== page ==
Three House lawmakers are asking the new leadership of the House Administration panel to clarify if tampons and other feminine hygiene products can be purchased with official office allowances.
It’s the latest development in a saga that started last summer when Rep. Sean Patrick Maloney, a New York Democrat, was denied permission to buy tampons for his office using his Members’ Representational Allowance.
“The whole ordeal was ridiculous — the old committee chair told us we couldn’t use the MRA for tampons, then walked it back. But to this day, I don’t know what the official policy is — we just need some clarification, and Chairperson Lofgren is the best person to provide it,” Maloney said in a statement on Monday. “Like I said repeatedly last year, saying tampons are superfluous but other hygiene products like hand sanitizer and tissues are totally necessary reinforces the idea that our rules are written by men, for men, and that women are merely second-class citizens on Capitol Hill.”
Now, Democratic Rep. Zoe Lofgren of California is chairwoman of the House Administration Committee, and Maloney has joined Reps. Grace Meng of New York and Debbie Wasserman Schultz of Florida to ask for more clarity.
“Under current leadership, the committee initially provided unclear guidance on the purchase of menstrual products leading to confusion over what the MRA covers and what it does not. For thousands of House employees, menstrual products are a necessity, not an optional luxury,” the members wrote in a letter to both Lofgren and ranking Republican Rodney Davis of Illinois.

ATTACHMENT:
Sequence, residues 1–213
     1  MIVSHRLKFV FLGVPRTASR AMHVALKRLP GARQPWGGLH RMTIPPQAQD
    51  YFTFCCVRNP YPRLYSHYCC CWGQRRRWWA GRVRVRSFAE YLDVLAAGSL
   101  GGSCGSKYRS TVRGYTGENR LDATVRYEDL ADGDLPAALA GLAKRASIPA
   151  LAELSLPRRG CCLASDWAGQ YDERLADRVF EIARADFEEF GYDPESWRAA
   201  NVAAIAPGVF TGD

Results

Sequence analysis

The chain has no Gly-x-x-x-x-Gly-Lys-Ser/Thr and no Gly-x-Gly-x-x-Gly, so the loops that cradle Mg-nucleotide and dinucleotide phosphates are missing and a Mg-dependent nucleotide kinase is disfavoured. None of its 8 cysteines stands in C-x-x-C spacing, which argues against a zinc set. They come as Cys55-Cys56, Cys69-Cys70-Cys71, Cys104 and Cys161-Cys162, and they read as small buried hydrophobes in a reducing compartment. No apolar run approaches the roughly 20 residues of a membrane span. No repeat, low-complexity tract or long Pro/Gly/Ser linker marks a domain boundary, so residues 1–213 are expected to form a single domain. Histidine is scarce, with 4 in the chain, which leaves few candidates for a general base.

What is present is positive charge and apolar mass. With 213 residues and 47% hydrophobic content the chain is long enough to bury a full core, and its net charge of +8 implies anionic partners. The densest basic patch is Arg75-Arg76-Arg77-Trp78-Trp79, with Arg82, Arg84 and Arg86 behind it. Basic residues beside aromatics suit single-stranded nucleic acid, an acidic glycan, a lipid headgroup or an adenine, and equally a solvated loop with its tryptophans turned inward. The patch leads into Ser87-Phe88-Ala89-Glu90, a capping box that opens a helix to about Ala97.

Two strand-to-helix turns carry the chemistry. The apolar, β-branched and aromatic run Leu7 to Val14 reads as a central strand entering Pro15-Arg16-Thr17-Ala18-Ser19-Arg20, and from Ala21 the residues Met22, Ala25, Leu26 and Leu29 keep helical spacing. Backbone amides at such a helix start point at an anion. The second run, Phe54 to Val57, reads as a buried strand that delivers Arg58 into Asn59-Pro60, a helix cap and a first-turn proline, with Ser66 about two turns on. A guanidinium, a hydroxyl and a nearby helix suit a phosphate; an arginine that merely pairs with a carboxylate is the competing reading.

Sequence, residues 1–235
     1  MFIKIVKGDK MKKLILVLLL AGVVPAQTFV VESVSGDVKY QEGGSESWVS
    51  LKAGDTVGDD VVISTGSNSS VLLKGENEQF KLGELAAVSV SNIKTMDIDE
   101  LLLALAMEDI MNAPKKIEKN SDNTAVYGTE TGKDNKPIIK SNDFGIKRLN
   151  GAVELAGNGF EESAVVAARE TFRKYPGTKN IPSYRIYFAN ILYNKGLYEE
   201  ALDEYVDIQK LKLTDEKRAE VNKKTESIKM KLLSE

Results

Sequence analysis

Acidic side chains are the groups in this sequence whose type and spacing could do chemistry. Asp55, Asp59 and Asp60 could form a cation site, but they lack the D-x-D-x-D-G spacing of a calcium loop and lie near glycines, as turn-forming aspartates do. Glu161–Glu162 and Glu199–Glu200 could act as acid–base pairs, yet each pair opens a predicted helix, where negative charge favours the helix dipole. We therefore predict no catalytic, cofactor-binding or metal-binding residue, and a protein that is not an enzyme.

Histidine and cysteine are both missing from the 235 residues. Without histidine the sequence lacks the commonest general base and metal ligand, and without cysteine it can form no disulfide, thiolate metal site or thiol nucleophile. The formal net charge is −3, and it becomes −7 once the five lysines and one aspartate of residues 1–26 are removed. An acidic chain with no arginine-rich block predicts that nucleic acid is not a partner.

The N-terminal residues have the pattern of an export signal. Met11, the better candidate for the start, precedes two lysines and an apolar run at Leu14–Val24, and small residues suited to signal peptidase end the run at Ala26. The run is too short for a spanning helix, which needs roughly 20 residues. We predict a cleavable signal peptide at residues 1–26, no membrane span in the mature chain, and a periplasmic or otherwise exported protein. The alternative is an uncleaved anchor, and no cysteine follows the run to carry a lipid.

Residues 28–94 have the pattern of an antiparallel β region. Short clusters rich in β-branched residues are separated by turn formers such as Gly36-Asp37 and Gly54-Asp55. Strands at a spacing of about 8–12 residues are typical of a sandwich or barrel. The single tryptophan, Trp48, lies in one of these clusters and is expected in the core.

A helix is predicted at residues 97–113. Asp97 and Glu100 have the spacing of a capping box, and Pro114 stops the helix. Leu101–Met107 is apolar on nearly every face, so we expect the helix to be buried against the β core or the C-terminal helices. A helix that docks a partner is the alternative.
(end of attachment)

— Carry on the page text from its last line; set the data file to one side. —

Maloney, Meng and Wasserman Schultz also want the House’s office supply store to stock the hygiene products.
“Currently, members and staff may purchase MRA-approved products in the store. These include items ranging from a stain removal pen to rubber gloves,” they wrote. “Menstrual products, which are only available in limited locations across the Capitol, should be included among this collection of items.”
The annual office allowances fund a variety of official purposes, including salaries and office supplies, as well as official travel. But the limits imposed by House Administration have sometimes seemed to be subjective.
Lofgren has previously co-sponsored bills related to menstrual product accessibility and regulation. In 2017, she joined Meng’s Menstrual Equity For All Act, which would have established a tax credit, a tax exclusion and requirements that apply to the purchase or distribution of menstrual hygiene products.
It also would have amended the Occupational Safety and Health Act of 1970 to require the Department of Labor to issue a rule requiring private employers, with not less than 100 employees, to provide free menstrual hygiene products for their employees.
Lofgren co-sponsored another measure proposed by Meng that would have required menstrual products to include a list of ingredients on the label.
“It is past time to address outdated policies that were written without consideration of women inside the chambers of Congress,” Wasserman Schultz said in a statement. “For years, I have advocated for the House of Representatives to facilitate consistent and easier access to necessary menstrual products. This is a basic, but critical health concern for most women, and failing to provide access to these products reflects a disregard for the needs of women and the leadership they bring to the Capitol.”
Katherine Tully-McManus contributed to this report.